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There is a crack on the sidewalk and front of my garage. I want to repair or cover the crack so that everything looks even and uniform.

Any ideas on how to approach this problem? Thanks in advance.

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    Is your issue structural or cosmetic? – Chris Cudmore Apr 29 at 14:21
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    You could do this yourself I use urethane crack sealer, you can pay to have it fixed, keeping water out so more damage in the form of ice and erosion is all you can do to extend the life of the slab. I would use a garden hose and clean out the crack of the derbies if it is wide enough press a backer rod down in the crack then fill it to MFG instructions. I don’t have the conditions you do so the locktite PL concrete sealer I use may not work as well back East so leaving as a comment (prices are off topic as they change often and we are a diy site). Check out your local big box/hardware store. – Ed Beal Apr 29 at 14:36
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    While it's fairly normal for concrete to crack a bit, a crack like that is likely caused by settling, because the base wasn't properly installed/compacted, etc. While I hate to say it, it will probably get worse so any filler, patch, coating you apply will be a temporary solution. If you really want to "fix it", I have to agree with @isherwood 's 2nd option, replace the slab, make sure you have a good base and add rebar to the new slab. – George Anderson Apr 29 at 14:46
  • What is your climate like? If you have cold winters with deep ground freeze, a concrete driveway is pretty much a non-starter. It will always be cleared in winter and the frost will go much deeper there than the areas adjacent which will be insulate with snow. This causes ground heaving and it can be very difficult to mitigate in some types of soil. This could be due to a poorly prepared foundation, but if you have very cold winters it may never be a suitable surface for the driveway. – J... Apr 30 at 13:06
  • The next time you see a hillbilly truck driving by, wave them down and ask if they do driveway patching. – John Canon May 1 at 2:42
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There are really only two solutions from a aesthetic standpoint:

  • Coat the entire slab with a surfacing product (which may or may not conceal the crack for the long term--depends on seasonal/traffic movement)
  • Replace the slab

You can't visually "fix" cracks like that in concrete. The color and texture will never match well, making the situation much more conspicuous than it is now.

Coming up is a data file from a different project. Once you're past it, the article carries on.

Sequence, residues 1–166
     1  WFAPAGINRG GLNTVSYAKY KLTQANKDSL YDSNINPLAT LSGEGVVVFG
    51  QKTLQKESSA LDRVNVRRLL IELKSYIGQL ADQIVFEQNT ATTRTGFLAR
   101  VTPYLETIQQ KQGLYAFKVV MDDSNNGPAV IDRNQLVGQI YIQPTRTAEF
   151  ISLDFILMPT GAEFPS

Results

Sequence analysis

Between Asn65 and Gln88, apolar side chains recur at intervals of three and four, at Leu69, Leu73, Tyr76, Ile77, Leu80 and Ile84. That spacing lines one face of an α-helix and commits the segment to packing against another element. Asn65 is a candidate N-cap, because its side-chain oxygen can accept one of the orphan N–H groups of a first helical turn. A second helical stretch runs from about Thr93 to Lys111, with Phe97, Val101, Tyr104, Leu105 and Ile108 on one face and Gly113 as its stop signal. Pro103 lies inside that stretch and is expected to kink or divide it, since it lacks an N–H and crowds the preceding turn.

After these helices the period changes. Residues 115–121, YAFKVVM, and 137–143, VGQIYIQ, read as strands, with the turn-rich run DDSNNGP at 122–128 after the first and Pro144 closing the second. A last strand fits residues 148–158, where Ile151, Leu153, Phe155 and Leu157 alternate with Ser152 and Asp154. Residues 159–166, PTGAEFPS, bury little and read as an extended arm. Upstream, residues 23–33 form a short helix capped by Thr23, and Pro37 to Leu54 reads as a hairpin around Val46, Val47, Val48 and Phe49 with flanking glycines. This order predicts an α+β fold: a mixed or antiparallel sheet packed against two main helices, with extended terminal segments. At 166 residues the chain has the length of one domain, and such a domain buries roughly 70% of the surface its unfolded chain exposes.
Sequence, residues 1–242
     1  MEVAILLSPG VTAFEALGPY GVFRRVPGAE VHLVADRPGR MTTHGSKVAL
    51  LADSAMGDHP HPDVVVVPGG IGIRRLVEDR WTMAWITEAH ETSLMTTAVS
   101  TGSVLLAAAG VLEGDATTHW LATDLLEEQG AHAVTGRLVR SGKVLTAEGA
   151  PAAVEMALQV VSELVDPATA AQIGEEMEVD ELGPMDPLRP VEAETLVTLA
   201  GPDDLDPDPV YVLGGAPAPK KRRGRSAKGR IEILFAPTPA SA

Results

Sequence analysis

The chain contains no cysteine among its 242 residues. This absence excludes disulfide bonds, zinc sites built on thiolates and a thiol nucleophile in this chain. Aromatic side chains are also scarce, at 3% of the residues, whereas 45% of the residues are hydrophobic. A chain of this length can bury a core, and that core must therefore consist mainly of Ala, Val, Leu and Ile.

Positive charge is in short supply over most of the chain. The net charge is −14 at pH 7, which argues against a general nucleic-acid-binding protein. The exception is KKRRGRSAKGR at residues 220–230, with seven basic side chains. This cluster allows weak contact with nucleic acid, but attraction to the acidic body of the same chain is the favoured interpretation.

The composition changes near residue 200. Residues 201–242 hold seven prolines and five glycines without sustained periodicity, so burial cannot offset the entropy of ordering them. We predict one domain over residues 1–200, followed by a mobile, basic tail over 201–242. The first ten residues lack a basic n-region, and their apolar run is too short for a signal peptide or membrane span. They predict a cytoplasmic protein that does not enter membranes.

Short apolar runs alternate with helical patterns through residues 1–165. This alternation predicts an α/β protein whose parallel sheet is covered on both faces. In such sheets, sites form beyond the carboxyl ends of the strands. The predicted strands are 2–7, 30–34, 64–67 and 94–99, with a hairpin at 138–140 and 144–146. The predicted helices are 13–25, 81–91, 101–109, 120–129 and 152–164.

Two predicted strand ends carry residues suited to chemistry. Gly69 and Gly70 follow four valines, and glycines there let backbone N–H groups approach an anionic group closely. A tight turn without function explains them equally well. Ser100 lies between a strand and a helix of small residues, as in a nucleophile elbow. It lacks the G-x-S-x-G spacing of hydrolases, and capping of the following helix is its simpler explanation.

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Don't try to make it look "even and uniform". Instead, have some intentional decorative feature that camouflages or hides the difference.

For example, rather than repainting the entire driveway after patching the crack, you could paint some fantasy vines on the driveway, where a vine matches the position of the crack.

This is a general idea of a patch or repair includes a visual feature, such as an intentional contrasting stripe, instead of blending exactly. I thought of vines because that's an organic shape; it could be anything.

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    There's even services that will add a coating on top that looks like pavers. Even if it cracks again, the pattern of the "pavers" might be enough to hide the crack from notice. – JS. Apr 29 at 22:57
  • This is a cool idea! – jay roy May 19 at 14:47
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I have a similar crack in my driveway. The other replies are correct, you're never going to cover it up, but you can make it look better.

My problem was always the weeds would grow in the crack, and make it look much worse. Pulling the weeds out was a chore, and they came back quickly. The solution that worked was a specific (fairly expensive) product called SilkaFlex Self Leveling Sealant.

It's a product that goes in largely as a liquid so it will flow all the way into the crack. After it hardens it remains flexible so it can take the expansion/contraction of concrete, and won't crack again like concrete would. It's also resilient enough that it's lasted for 12+ years of freezing cold, snow, ice, and hot summers. It is NOT cheap, but it's done an excellent job of keeping anything from growing in the crack, and it hides it to some degree. I likely put more than $100 of this stuff into my driveway.

Be advised, you're not going to completely hide the crack, but you can make it less visible, ugly, and stop the weeds from growing in it.

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